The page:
A Good Friday Tradition

There are times in my life when I feel like a complete ignoramus for having failed to get the significance, and/or meaning behind a phrase, statement or event. People who know me, have often heard me say, “I’m slow, but I get there!” It’s a line, I must admit that I find myself needing to repeat all too often and is generally after I’ve suddenly realized the meaning behind some minor event or comment that has been repeated numerous times.
For example: There are some movies I’ve watched repeatedly and “Waterworld” with Kevin Costner, and one of my all-time favorites Dennis Hopper, is one of those. There is a scene where Dennis’s character is riding through the rusted out hulk of his oil tanker throwing packs of cigarettes to his mob of followers. After seeing “Waterworld” 4 or 5 times I finally got the connection between the reward of “smokes” and the fact that the bad guys were called “Smokers”. Duh! Good Friday has come to be a consistent reminder of what that feels like.
From the time I was 9 years old until I left leave home for college, I spent every Sunday morning in Sunday school and church at a little Congregational/United Church of Christ church. That meant that every Sunday morning, without fail, I recited what’s known as “The Apostle’s Creed.” It was part of the standard liturgy of the church. Within that liturgy is a portion that reads, “was crucified, dead, and buried;” Crucified! Yeah he was killed. Lots of people are killed. Jesus of Nazareth was killed by means of crucifixion by the Romans! That was the extent of the discussion of the means of his execution. If the nature of crucifixion was ever discussed it somehow eluded me.
In another movie I’ve seen a number of times, “Apocalypse Now” Marlon Brando’s character, Colonel Kurtz, is describing the nature of that war and the enemy; in doing it he refers to “the horror.” There is something in the nature of the way he says, “the horror” that describes an unspeakable effect of man’s ability to make his fellow man suffer.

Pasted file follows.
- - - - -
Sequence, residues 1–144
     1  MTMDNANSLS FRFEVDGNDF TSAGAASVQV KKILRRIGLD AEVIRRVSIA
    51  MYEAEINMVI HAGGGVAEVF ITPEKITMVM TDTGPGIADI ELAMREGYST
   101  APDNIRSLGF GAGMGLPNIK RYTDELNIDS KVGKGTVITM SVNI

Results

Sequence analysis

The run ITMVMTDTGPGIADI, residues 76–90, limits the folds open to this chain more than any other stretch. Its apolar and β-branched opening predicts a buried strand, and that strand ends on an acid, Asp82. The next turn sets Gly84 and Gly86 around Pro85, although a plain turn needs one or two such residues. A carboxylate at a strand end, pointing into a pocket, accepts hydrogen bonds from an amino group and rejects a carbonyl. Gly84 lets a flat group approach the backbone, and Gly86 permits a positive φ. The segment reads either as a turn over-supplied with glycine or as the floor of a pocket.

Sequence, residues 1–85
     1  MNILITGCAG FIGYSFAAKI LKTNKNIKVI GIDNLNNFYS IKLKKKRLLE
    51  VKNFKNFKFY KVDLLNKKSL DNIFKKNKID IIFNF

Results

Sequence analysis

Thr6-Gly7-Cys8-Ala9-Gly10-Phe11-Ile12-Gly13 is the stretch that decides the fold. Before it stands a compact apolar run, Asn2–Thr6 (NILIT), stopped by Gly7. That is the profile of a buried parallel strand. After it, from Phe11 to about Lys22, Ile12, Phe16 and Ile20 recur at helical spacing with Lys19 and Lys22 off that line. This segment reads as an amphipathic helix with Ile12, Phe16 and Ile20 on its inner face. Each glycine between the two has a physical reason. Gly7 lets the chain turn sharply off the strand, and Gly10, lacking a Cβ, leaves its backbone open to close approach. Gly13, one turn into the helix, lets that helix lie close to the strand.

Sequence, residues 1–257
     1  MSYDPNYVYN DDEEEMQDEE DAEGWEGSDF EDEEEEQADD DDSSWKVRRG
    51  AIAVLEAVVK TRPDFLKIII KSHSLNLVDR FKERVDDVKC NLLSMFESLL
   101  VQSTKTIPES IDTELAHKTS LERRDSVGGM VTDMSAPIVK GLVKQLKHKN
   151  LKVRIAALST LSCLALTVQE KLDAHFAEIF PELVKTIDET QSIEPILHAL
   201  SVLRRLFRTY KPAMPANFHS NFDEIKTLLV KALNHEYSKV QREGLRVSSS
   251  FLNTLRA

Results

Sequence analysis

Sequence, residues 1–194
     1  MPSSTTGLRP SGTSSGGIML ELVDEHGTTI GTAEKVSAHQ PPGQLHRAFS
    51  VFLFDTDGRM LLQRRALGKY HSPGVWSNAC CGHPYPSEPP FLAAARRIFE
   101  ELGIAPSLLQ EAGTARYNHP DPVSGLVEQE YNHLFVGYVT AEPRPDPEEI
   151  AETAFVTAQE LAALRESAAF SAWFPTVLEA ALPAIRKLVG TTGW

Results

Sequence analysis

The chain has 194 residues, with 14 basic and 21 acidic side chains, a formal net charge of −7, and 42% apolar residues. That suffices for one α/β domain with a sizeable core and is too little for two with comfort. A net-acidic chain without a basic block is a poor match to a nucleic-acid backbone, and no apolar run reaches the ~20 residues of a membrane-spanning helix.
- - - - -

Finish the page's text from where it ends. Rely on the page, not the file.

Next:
In 2004, Mel Gibson’s movie, “The Passion of The Christ” came out a month or so before Easter and the church I was attending at the time, went in a group to see it as soon as it came out. I didn’t go with them. I felt that it was far more appropriate to see it on Good Friday; so on that day, Good Friday of 2004 I went to the afternoon showing of “The Passion of The Christ.” I’d heard comments of the nature of what I was to see, but was totally unprepared for “the horror” of crucifixion. I was stunned to the point of being unable to move from my seat until the next round of movie goers began filling into the theater.
Crucifixion was a horribly cruel death and the Romans perfected it. Mel Gibson brought me face to face with “the horror” which no one in my Christian education had ever discussed. The thoughts that flooded my mind for the next few weeks were so filled with mixed emotions that I had difficulty sorting them out. Questions which had seemed so academic suddenly took on a completely new nature. Among those, were questions of the real nature of the Trinity and the exact nature of the relationship between God and Christ.
Could a perfect father actually ask or expect his only son to suffer like that; for billions of unappreciative humans? Maybe He couldn’t and that was proof of the fact that God and Christ were one in the same. It also seemed likely that a perfect son, for the sake of His father’s promise, would voluntarily submit himself to “the horror” of crucifixion. The description in the Gospel of Luke that in the Garden of Gethsemane, Christ was in such agony of spirit that sweat fell to the ground “like great drops of blood” suddenly had new meaning. God asking Abraham to sacrifice “his only son” now had real significance, especially when you realize that God didn’t make Abraham actually go through with what God Himself would do 2000 years later.
But, overshadowing all these thoughts was the reality of crucifixion itself, preceded by the beatings of the Roman soldiers. I never want to forget those realities, so as Easter 2005 approached I ordered the DVD and with one exception, every year since, on the afternoon Good Friday, I stop whatever I’m doing; shut off the phones, the computer and draw the blinds. Then I watch again, “The Passion of The Christ.” That way, I will always have a fresh reminder of what God’s love and the sacrifice it required, really is. And each time I see it, some new significance; some new insight; some new understanding of a specific act or scene shakes me once again.

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